How Real Time Data Affects The Markets

When you’re in business the most valuable thing you can possess is information. The more complete that information, the better. In the early days of the Internet this used to mean watching email lists, and later it meant watching social media, hoping to be among the first to come across important information. Today it can mean following the online stock exchanges – but more significantly, today there is software available that can do this for you, sending you alerts in accordance with your instructions; however, how can you best make use of that information, and how can you expect the markets to change because of it being used by other people?

Identifying problems

Traditionally, company losses have been analyzed monthly or quarterly, when accounts are published, but this can make it difficult to pinpoint the reasons they’re occurring. Has there been a consistent performance issue or have particular events impacted sales? Is there an issue with, for instance, slow sales at weekends, or are outgoings higher on particular days? Being able to tap into your sales data in real time makes it much easier to establish what’s going on so that you can take the necessary steps to deal with it.

Real time data and the markets

As well as having interesting influences on individual businesses, increasing ease of access to real time data has had some fascinating effects on the markets:

  • Leveling the playing field – fast Ververica: stream processing real time data means that companies reliant on small trades can now complete enough of them at sufficient speed to compete with those making larger trades, making it easier for small companies to become established.
  • Standardizing prices – in real estate, for instance, customer demand for real time access to property value estimates is undermining the tendency toward inflation out of proportion to the rest of the economy, causing prices to balance out and reducing a market risk factor.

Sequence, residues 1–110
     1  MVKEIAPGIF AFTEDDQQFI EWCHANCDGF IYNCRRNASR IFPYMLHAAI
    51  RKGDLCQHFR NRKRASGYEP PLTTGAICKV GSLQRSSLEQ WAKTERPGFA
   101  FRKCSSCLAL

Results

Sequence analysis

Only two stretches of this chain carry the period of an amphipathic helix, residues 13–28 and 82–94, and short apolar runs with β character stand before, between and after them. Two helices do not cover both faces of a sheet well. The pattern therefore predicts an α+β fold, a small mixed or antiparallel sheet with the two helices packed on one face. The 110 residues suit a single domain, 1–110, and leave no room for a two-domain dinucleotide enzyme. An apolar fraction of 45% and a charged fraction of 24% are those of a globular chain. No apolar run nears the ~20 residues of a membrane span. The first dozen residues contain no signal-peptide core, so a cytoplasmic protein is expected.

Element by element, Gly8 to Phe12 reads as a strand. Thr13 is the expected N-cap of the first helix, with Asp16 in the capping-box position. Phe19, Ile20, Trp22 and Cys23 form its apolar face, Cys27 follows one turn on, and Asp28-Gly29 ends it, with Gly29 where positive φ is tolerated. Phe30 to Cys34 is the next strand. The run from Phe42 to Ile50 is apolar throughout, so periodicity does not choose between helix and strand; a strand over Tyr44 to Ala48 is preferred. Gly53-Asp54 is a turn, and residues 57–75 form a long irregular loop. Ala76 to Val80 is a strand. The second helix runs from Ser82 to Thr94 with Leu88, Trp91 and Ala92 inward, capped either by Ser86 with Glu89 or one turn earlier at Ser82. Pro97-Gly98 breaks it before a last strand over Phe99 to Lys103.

• Humanizing market behavior – market research conducted using real time data enables companies – and whole sectors – to adapt quickly to changing customer behavior, so sectors like fashion and food are increasingly led by customer demand and are responsive to customer emotion.
  • Globalizing trading – because, hypothetically at least, anyone can now access any stock exchange from anywhere in the world, companies now need real time data to make smart decisions about the best place to float their stock.
  • Creating surges – when a lot of people act on real time data at once, the value of particular assets can rise and fall faster than ever. Though this potentially creates instability it also allows for a more flexible overall market response to political events.

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Stocks and shares

Using real time data to monitor the performance of your stocks and shares enables you to get a more accurate picture of where the real value in your business and investments lies. It’s particularly valuable in large organizations where successes in one area can all too often occlude problems in others. This was the approach taken by Yusuf Alireza when he became CEO of Noble Group. It became clear to him that the corporation’s problems stemmed from having too many low-performing assets. By identifying and selling off those holdings that were no longer adequately competitive, he was able to resuscitate the struggling corporation and get it back on its feet.

Inventory management

While the Internet has made things easier for businesses in many ways, it has also precipitated new challenges. The speed with which sales can take place online, especially if an item suddenly becomes popular, can make it very difficult to manage your inventory and ensure that adequate stock is in place to meet demand. There is now some very good software out there for dealing with this but it’s still important to be in a position to monitor stock, cross check figures and make sure no mismatches occur. Real time data lets you assess the situation as soon as there’s a hiccup, reducing the chance of serious errors occurring and customers being unhappy as a result.

Keeping up with real time data used to be a serious headache, especially for people with otherwise busy lives and domestic commitments, which got in the way of focusing on business full time. Managing real time data using specialist software has been a great equalizer and is liable to have interesting knock-on effects on the shape of business to come.

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